Bent Finger Due to Mallet Finger or Fracture

If your finger won't straighten out, you may have an injury known as a mallet finger or a mallet fracture. This type of injury often occurs when your finger gets jammed. This may impact the finger tendon, a flexible band of tissue that connects muscle to bone.

This article explains the possible causes of a bent finger. It will also cover first aid, when to see a healthcare provider, as well as treatment options.

What Causes a Bent Finger?

In most cases, the reason a finger won't straighten out is that the tendon is stretched or torn. Sometimes, it's because the bone where the tendon is attached has broken off, which is known as an avulsion fracture.

The tendon can be damaged if it:

  • Is stretched out and the tendon is still attached but now it's too long
  • Is torn or cut and the tendon can't move like it's supposed to
  • Has an avulsion fracture and the tendon is not necessarily stretched out, but the bone where it's supposed to be attached is broken

What Are Some Home Remedies for a Mallet Finger?

First aid for a mallet finger is similar to any other type of fracture. It needs to be rested and held still in the proper position. Immediate treatment should include rest, ice, compression, and elevation. This is known as the RICE method:

  1. Protect it from further injury
  2. Ice it to reduce swelling and pain
  3. Elevate it to reduce swelling

When Should I See a Healthcare Provider for a Crooked Finger?

If you injure your finger and it won't straighten out within three days, you should see a healthcare provider. Kids especially need to see a healthcare provider if they get a mallet fracture because the part of the bone that controls growth could be affected. This might result in a deformed finger if not treated appropriately.

This type of injury isn't something that usually requires going to the emergency room unless you see blood under the fingernail or the fingernail is coming off. Blood under the nail or damage to it could mean a severe cut or a broken bone.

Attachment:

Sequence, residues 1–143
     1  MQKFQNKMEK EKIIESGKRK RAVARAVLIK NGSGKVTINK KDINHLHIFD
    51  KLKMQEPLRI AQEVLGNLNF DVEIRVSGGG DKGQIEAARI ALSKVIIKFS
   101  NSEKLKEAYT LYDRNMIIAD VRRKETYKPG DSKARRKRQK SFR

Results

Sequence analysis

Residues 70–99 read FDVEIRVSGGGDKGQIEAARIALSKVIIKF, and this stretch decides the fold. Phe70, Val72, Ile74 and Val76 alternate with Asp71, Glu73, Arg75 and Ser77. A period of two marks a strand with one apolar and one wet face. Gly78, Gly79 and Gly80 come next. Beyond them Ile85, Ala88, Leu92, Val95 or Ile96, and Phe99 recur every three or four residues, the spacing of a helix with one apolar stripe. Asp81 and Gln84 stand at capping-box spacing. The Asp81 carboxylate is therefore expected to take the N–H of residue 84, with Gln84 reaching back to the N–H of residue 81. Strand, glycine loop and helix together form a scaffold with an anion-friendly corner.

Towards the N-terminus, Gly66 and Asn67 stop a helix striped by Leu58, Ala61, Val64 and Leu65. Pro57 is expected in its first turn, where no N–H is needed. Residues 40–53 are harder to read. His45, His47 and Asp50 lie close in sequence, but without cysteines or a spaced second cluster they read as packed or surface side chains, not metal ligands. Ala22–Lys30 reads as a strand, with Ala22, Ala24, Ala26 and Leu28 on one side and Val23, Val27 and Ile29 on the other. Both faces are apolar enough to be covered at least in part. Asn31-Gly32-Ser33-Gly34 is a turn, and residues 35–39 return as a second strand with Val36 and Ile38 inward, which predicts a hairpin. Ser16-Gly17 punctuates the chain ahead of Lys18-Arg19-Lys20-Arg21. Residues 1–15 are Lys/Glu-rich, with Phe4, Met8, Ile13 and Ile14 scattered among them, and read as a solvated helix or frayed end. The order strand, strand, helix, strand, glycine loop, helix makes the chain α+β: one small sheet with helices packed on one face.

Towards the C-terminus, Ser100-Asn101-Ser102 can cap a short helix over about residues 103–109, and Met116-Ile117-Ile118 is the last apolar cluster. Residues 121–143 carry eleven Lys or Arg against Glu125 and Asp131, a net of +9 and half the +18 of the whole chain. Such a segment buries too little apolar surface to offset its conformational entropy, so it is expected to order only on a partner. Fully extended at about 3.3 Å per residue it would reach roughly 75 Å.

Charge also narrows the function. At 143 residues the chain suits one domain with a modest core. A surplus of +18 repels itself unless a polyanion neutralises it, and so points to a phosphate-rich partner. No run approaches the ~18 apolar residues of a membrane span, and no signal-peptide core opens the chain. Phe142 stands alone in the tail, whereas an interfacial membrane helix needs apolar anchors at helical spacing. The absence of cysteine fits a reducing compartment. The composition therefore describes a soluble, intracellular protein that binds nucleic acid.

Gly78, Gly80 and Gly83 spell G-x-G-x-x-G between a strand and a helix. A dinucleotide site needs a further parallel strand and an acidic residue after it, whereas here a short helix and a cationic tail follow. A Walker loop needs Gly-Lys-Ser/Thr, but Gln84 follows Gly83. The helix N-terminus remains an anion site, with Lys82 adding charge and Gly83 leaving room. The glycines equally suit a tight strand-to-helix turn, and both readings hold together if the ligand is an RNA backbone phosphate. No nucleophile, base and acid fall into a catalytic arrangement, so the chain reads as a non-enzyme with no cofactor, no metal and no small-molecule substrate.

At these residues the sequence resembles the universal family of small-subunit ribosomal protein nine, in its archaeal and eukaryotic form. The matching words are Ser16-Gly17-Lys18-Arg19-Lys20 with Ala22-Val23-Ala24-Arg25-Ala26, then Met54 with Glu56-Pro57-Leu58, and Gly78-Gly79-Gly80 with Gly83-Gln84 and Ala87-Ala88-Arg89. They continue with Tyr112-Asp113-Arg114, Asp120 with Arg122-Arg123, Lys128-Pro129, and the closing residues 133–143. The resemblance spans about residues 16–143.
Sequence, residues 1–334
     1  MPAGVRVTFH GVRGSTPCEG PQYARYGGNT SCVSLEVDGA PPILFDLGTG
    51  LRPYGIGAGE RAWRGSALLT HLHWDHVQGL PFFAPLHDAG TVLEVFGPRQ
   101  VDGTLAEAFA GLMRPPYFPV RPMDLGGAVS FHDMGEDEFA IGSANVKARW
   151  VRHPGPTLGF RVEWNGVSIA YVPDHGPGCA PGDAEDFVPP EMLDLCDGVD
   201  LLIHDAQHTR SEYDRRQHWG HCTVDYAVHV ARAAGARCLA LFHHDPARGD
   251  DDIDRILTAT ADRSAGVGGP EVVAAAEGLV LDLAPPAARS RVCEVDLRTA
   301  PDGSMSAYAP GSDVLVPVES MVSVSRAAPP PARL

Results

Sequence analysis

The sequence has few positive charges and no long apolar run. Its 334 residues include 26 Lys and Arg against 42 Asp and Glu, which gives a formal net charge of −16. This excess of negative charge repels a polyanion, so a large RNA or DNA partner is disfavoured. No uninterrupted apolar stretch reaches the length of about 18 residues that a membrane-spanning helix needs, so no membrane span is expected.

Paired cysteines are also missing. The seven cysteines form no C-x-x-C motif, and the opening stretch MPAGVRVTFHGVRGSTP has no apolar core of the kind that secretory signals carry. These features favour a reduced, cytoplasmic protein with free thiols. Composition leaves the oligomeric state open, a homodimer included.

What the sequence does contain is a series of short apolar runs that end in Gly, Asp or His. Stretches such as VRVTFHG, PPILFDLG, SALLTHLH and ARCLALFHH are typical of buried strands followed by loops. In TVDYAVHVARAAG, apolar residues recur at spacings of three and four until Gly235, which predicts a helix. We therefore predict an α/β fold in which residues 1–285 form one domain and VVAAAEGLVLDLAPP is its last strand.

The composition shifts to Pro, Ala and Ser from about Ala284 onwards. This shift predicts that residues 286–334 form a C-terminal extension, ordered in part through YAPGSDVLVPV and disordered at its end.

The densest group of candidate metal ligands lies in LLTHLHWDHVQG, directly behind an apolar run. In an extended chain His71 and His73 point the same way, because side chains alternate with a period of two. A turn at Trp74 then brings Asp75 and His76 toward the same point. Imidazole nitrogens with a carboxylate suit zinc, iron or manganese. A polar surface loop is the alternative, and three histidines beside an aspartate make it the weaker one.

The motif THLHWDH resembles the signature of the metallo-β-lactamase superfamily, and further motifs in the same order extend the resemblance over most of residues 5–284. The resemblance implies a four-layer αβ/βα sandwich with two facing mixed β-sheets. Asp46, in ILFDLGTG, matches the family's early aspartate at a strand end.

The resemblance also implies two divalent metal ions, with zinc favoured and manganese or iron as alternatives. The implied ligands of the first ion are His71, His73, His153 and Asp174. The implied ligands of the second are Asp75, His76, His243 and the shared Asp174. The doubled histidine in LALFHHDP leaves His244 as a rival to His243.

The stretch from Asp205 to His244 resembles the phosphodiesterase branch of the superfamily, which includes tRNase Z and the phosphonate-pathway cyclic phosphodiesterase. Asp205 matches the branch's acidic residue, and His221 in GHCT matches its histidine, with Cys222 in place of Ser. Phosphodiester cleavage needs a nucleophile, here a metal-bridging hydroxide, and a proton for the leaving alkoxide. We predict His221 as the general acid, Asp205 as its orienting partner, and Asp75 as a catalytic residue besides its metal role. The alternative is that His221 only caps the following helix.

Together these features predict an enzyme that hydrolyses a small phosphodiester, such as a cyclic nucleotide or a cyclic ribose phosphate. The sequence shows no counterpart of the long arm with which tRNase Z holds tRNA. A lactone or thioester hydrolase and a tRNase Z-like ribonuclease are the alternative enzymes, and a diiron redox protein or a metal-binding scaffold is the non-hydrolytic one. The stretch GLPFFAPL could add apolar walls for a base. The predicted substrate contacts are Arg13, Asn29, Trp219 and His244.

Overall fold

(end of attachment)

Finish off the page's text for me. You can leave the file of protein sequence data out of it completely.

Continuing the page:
Recap

See a healthcare provider within three days if you can't straighten your finger. Kids should always see a doctor with this type of injury. Seek emergency treatment if you see blood under the nail, or if the nail is coming off.

How Is Mallet Finger Treated?

Continue to ice the finger a few times a day until you can get to your doctor. Your doctor will likely give you a special finger splint, a device that keeps your finger in place while you heal. If the tendon is just stretched, keeping it straight will allow it to heal. If it's torn or if the bone is fractured, your healthcare provider may recommend surgery so your finger heals correctly.

Summary

A mallet finger may be caused by damage to the tendon, often from jamming your finger. To care for your injury at home, be sure to use the RICE method.

See your doctor if you can't straighten your finger out and it's been a few days. They may give you a splint to help your finger heal. Seek emergency care if you have blood under your nail, or your nail is coming off.

Frequently Asked Questions

  • How long does it take a mallet finger to heal?

    Recovery depends on the type of mallet finger injury. If the tendon is stretched but not torn, the finger should heal in four to six weeks if you wear a splint all the time. When the tendon is torn, it may take six to eight weeks to heal.

  • Can crooked fingers caused by arthritis be straightened?

    Yes, but there's a downside. Surgery can straighten the finger and alleviate pain, but you may lose some mobility once the finger is permanently straightened.

  • What is trigger finger?

    Trigger finger is a condition that occurs when a finger gets stuck in a bent position and cannot easily be straightened. There may be popping or snapping sounds and significant pain when the finger moves. Trigger finger may be caused by ligament injuries, conditions such as diabetes and arthritis, or trauma to the hand.

5 Sources
Verywell Health uses only high-quality sources, including peer-reviewed studies, to support the facts within our articles. Read our editorial process to learn more about how we fact-check and keep our content accurate, reliable, and trustworthy.
  1. American Academy of Orthopaedic Surgeons. Mallet finger (baseball finger).

  2. Mount Sinai. Nail injuries.

  3. Mount Sinai. Mallet finger - aftercare.

  4. Spies CK, Langer M, Hahn P, Müller LP, Unglaub F. The treatment of primary arthritis of the finger and thumb joint. Dtsch Arztebl Int. 2018;115(16):269-275. doi:10.3238/arztebl.2018.0269

  5. American Academy of Orthopaedic Surgeons. Trigger finger.

By Rod Brouhard, EMT-P
Rod Brouhard is an emergency medical technician paramedic (EMT-P), journalist, educator, and advocate for emergency medical service providers and patients.